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showing the accurate position and time. Rear vehicle photography can also be used in the same manner described in (A) above. Yl -Fixed distance -Y2 I Variable time interval (use formula (2) for calculations) I Photo position I Photo position I v = d (known) I time (measurable) Metlwd C One photograph a Fixed 1ime from Last Detec/Qr Cable in Vehicle Travel DirectioiL Similar to (A) above but only one photograph is taken a known time after the vehicle has crossed the last detector cable in travel direction (Stop 2). This particular method of secondary speed verification was used mainly with the older TRUVELO speed calculating instruments. The calculation time of this model was fixed and only started once all time measurements were complete Total time from vehicle crossing sensor 'Stop 2 to issuing of camera trigger command was l.Sms. On the 'Robot 36CE' camera recorders, the time from receiving the camera trigger command to the actual shutter opening is a fixed 32ms. This is mainly due to mechanical delays Md lever travel times. This gives a total delay time of 47 milli seconds (4711000 second) from when the vehicle crosses the last detector cable (Stop 2) to when the photograph is taken As the wheel base (distance from front to rear wheels) of the violating vehicle is visible and has a known distance and can be measured on the photograph, a scale factor can be obtained for a particular picture. A cenain number of millimeters on the photograph correspond to an actual distance. By measuring the distance the front wheels of the vehicle are away from the last detector cable (Stop 2) on the picture and multiplying this with the scale factor, the actual distance can be obtained. Alternatively, distance markers can be painted onto the road surface. To validate the precise system delay time. several photographs before and after the one of interest have to be analyzed. From this an average actual camera trigger time delay is obtained. Using formula (I) above, speed can now be calculated. This method is rather cumbersome and usually gives better results on frontal vehic l e photography and on pictures with a good quality and clarity Stop 2 variable distance (use formula (3) for calculations) Photo I I fixed time (47ms) Vehicle front wheels Vehicl e front wheel position v = d (approximation) I time (known) Truvelo Distributor-A VIAR inc P.O. Box 162184 Austin, TX 78716 Tel: (512) 295-5285 Fax: (512) 295-2603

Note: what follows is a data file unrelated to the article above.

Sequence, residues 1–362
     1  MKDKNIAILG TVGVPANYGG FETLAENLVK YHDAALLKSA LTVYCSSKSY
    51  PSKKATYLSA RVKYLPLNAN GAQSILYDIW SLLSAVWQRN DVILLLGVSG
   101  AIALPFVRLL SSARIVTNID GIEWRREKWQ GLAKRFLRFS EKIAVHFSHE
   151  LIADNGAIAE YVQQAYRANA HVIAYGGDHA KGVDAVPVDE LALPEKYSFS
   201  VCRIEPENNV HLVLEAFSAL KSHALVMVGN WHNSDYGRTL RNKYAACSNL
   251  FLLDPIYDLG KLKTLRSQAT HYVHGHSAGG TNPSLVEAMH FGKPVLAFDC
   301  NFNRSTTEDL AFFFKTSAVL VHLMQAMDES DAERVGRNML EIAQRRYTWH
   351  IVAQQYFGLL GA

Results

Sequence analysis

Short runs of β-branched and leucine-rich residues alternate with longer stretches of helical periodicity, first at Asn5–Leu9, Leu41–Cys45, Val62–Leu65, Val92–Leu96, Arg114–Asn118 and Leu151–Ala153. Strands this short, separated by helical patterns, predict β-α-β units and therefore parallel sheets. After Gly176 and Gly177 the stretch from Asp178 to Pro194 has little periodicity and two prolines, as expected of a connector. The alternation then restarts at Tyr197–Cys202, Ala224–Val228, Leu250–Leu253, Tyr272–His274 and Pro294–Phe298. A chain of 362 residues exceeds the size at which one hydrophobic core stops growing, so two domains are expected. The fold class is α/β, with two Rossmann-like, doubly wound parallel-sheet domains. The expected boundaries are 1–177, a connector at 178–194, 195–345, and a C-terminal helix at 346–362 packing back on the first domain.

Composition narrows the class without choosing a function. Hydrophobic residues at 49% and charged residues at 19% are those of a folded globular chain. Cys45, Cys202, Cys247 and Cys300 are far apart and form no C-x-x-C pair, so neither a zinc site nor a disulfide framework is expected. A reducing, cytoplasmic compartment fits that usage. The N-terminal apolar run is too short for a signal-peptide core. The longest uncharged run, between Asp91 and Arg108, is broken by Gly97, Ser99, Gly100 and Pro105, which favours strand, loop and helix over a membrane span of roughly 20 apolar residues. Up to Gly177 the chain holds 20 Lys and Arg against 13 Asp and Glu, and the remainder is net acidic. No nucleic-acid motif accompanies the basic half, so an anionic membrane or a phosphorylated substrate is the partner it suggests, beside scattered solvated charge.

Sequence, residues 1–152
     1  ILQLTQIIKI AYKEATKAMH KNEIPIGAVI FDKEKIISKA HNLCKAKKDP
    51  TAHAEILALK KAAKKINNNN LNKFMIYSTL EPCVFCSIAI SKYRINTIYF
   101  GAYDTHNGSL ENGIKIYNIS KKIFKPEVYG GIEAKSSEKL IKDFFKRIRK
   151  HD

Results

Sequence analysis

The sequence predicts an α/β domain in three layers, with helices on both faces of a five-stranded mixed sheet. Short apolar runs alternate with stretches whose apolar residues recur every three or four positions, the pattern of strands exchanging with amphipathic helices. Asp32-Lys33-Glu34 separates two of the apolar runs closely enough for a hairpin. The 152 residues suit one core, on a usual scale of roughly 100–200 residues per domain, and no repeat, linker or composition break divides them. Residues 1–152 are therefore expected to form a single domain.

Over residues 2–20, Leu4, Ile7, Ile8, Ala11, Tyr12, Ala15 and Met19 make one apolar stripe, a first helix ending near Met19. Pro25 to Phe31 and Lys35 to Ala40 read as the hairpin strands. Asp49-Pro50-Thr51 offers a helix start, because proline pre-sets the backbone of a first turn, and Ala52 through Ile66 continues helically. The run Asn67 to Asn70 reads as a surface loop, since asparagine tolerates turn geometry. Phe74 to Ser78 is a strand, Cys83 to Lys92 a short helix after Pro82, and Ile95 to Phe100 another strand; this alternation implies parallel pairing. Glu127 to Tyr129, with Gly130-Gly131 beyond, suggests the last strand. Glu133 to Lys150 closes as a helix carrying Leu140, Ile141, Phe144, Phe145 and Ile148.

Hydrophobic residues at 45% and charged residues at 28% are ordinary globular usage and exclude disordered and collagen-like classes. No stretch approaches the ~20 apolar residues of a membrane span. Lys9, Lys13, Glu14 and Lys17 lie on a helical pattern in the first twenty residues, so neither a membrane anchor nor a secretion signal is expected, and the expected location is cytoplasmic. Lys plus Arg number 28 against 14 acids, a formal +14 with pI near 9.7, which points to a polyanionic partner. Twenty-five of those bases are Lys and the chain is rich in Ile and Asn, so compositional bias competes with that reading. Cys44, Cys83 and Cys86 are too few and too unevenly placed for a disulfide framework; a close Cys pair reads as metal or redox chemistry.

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Method D. One Photograph a r1Xetl Distance Away from Last Detector Cable in Travd Direction. This panicular speed method is a simplified version of (B) above. The TRUVELO M4'-_MPC speed calculating instrument can. detect and time axles of vehicles accwately. It times a violating vehicle's front wheels crossing the last detector cable (Stop 2) to when the camera shutter opens. The newer 'Robot 36-DCE' camera recorder has a faster mechanism, and a fixed distanc e of I 8 meters was selected to allow the front wheels of a vehicle to move from the Stop 2 detector cable to the photograph position. This distance, together with the I 0 percent distance tolerance, is painted on the road surface (e.g., 1.8m, 1.62m, and 1.98m). Using formula (2) above, the instrument calculates a delay time before giving the camera trigger command to ensure the front wheels of the violating vehicle are positioned on this 1.8m line in the photograph. As everything is fixed or measurable, accurate speed verification can be obtained. A lay person can easily verify the speed on the photograph by visually confirming that the violating vehicle's front wheels are between the distance tolerance markings on the road or by performing the calculation as per formula (I). Again, the lens focus distance is constant for vehicle frontal photography enabling driver identification. In addition, it SAVES SO percent of photographic material costs compared to method (B). Stop 2 I Vehicle front wheels -fixed distance (1.8m) -variable time (use formula (2) for calculations) Photo I Vehicle front wheel position v = d (fixed) I time (measurable) The above-mentioned methods illustrate all possible secondary speed verification methods TRUVELO recommends method (B) or (D) above The minimum information required on the photograph is the road surface, the violating vehicle, and the last detector cable. For obvious reasons, the more detailed the picture information is the better and easier calculations can be undenaken. RHG/secdspd.wpd/07n/95 Truvelo DistributorAVTARinr P O Rnx 162184 Austin. TX78716 Tel: 1512) 295-5285 Fax: 1512) 295-2603